Letters, Spellings and Sounds: The Nameberry 9
My favorite find of the week isn’t a name. It’s a random name generator, at a website called Roses and Cellar Doors. (Hat tip to Ren for the link.) The generator apologizes that “on occasion, a ‘real’ name might be generated.” Most of the results are rarities that I wouldn’t be surprised to hear in real life.
A few minutes of clicking created Loralyn, Kayabella, Annla, Annraya, Madalee, and Briabella for girls. For boys, I found the generator slightly less successful, but Mathan, Keedon, Jarison, Dasen, Jaxin, Zaylen, and Caydran all seem both unusual and perfectly possible.
Randomly generated names aren’t my style, but it is easy to see that we’re attracted to certain letters, syllables, and sounds. A name that seems outlandish at first glance might work if it contains a desirable letter or two. Our focus on x and y, k and o is sometimes called the Scrabble effect, but I think it goes deeper than just respelling a familiar name.
This week’s baby name news was filled with choices that make good use of letters:
Ajax – Alex made room for Axel. Could Ajax be far behind? This name made the list about a year ago when mom-to-be Marni Kostak arranged to deliver her firstborn at Microscope Gallery in Brooklyn as an exhibit called “The Birth of Baby X.” Baby X has now celebrated his first birthday – where else? – at the Microscope Gallery. Yes, there’s the cleaning product, but there’s also the Trojan War hero.
Orion – Speaking of heroic names, For Real Baby Names spotted Orion twice – on a boy called Elijah Orion, and a girl named Iris Orion Evelyn. Actor Chris Noth welcomed Orion Christopher in 2008. The name has been slowly climbing in use since the 1990s.
Dex – Have you noticed that Dex seems to be emerging as a new nickname for new Irish favorite Declan? Parents on Swistle listed it as a possible combination, and I’ve heard it on the playground, too. He could stand alone, too, just like Jax and Max.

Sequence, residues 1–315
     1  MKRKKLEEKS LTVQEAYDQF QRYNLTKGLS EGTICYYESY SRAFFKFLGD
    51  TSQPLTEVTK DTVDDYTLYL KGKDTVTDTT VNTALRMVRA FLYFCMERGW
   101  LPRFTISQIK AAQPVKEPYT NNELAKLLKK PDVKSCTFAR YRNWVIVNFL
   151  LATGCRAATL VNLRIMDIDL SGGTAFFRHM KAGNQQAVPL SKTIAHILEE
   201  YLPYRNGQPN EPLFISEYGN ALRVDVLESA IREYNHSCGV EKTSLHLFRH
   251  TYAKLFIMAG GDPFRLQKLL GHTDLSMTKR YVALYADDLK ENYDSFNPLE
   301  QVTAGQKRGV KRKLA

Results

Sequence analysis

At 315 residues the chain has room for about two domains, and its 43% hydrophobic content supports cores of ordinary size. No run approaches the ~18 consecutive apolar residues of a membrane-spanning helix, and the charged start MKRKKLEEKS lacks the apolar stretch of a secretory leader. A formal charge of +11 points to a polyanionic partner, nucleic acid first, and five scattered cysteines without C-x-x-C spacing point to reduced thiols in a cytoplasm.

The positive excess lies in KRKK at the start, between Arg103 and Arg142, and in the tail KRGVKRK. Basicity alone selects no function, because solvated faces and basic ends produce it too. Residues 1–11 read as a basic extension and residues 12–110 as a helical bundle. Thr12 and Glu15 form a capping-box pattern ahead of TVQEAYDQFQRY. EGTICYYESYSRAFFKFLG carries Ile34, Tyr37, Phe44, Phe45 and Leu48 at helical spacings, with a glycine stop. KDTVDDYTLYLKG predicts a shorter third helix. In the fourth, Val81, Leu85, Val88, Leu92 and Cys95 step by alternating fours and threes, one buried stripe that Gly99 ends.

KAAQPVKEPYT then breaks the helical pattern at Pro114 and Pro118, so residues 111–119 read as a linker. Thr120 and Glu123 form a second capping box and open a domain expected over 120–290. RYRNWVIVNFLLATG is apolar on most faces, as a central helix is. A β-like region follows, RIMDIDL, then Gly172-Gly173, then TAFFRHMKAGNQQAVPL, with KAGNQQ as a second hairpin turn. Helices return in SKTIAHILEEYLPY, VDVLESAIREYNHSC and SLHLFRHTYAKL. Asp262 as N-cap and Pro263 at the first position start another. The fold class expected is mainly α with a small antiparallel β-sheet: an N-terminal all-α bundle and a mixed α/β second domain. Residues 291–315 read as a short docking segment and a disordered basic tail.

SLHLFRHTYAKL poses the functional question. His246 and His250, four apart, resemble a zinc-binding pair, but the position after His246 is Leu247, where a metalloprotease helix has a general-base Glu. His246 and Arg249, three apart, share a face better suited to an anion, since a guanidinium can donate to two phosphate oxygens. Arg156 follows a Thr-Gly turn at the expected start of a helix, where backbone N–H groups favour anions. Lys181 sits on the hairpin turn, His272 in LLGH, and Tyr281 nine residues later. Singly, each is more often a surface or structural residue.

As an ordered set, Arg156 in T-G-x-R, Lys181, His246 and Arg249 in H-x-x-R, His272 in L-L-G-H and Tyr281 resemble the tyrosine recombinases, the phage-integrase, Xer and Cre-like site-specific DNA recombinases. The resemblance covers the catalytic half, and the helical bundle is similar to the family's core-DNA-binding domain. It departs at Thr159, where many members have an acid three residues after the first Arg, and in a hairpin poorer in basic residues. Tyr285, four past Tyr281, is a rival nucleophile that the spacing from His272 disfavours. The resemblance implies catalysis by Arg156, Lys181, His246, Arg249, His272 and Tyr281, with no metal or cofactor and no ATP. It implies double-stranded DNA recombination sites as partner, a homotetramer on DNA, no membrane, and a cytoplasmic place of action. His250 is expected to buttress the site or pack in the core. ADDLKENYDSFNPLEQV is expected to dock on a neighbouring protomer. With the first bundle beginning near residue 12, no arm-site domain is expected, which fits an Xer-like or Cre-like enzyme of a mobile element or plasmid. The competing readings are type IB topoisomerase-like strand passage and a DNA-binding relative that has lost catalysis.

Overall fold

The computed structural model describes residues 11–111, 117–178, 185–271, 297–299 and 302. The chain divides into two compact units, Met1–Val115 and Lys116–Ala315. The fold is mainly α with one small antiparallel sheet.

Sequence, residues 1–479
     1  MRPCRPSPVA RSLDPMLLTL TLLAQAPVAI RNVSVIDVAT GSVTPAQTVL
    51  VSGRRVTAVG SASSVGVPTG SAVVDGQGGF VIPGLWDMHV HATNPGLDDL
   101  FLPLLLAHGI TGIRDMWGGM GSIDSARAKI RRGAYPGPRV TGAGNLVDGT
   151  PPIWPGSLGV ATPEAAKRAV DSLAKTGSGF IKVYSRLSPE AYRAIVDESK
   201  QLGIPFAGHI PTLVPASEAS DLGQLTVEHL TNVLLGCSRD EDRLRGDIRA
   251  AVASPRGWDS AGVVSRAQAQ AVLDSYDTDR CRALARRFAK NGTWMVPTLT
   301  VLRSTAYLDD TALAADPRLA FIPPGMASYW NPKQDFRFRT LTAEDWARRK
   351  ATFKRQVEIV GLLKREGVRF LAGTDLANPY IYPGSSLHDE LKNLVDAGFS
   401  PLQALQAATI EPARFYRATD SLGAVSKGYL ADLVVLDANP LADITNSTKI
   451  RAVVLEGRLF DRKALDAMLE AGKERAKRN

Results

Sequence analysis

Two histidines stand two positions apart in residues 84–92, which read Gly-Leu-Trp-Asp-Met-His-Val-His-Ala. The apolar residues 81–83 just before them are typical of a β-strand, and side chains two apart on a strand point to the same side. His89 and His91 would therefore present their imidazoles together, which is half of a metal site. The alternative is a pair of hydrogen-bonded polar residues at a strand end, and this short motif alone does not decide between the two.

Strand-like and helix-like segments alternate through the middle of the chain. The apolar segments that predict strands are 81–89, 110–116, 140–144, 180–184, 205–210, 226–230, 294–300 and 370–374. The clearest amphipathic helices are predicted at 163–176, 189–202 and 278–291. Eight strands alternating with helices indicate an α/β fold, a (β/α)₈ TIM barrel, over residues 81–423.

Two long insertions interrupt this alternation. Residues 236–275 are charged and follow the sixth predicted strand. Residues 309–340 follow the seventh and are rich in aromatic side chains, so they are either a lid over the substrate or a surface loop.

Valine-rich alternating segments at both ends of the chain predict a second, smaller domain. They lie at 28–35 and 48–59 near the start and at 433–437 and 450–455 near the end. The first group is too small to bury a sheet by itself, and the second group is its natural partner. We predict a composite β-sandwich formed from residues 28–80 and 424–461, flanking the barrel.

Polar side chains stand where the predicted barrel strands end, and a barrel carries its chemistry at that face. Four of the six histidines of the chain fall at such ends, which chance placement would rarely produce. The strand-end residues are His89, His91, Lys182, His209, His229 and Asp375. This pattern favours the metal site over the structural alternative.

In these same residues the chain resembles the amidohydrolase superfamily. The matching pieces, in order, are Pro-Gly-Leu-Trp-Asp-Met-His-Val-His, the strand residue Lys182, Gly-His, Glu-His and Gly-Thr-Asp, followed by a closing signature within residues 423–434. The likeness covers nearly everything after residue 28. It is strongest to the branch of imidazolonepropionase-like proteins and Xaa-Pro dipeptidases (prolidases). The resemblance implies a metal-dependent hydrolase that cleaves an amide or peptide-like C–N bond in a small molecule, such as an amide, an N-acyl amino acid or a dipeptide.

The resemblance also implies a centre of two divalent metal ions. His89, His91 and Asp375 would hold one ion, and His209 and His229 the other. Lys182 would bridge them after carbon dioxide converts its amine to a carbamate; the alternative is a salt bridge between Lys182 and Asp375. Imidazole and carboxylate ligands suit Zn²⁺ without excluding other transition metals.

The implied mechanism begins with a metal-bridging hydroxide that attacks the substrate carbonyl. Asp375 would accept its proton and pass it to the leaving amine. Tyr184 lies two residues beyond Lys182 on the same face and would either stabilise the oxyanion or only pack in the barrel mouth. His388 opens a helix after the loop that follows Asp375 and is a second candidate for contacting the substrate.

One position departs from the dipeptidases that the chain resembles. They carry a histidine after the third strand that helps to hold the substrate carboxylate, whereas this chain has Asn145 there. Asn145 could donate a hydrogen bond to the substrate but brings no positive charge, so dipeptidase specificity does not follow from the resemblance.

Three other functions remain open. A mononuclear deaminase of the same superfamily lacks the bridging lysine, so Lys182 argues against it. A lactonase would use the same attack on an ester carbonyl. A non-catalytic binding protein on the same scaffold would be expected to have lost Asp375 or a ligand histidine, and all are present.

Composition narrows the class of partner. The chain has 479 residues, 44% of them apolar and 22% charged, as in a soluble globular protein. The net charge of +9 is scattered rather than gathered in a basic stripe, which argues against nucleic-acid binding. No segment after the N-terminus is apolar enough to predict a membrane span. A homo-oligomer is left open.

Zane – This one has me fascinated. Soap opera star Heather Tom played Kelly Cramer on One Life to Live. Tom’s character gave birth to a son called Zane in 2006. Just last week, Tom welcomed a son in real life – also called Zane. Coincidence?
Thiago – Soccer star Lionel Messi chose the lively, ends-in-o Thiago for his firstborn. Messi is a native of Argentina, and plays for Barcelona. Santiago has held the top spot in Messi’s home country, and is popular in Spain, too. Tiago is popular elsewhere in Latin America and Europe. The Thiago spelling is unusual – for now.
Wells – Welcome to the world, Owen Wells Kleon, son of writer Austin Kleon. Owen’s o is stylish, but I’m beginning to think the letter w is equally appealing. Wells is also the name of maternity concierge Rosie Pope’s middle son, and a name that I’m hearing more and more on message boards, along with Wesley and West.
Hallow – If w is popular in the first spot, the letter is also at the end of stylish surname choices Harlow and Marlow. Isadora has me convinced that Hallow could be an auspicious choice for a child, rich with meaning.
Ofelia – Baby Name Pondering recently discussed Ofelia and Ophelia. Mad scene aside, I’m struck by her resemblance to Olivia, Amelia, and Sophia. She’s little used, but 2006’s dark fairytale of a movie, Pan’s Labyrinth, included a heroic girl by the name, and is often cited as a reason to reconsider Ofelia.
G.R.A.C.E. – Instead of ending with one name, how about five? Nancy reported on the Ferraro quintuplets of California. Together, their given names – Gabrielle, Riley, Cooper, Emerson, and Addison – spell grace. Pretty clever, huh? The quints joined big sister Gianna.
Are there sounds and letters you truly love in names? Are they the familiar X, Z, and O, or do you find yourself drawn to something else? And could you spell a word from your favorite names? That last one has me stumped!
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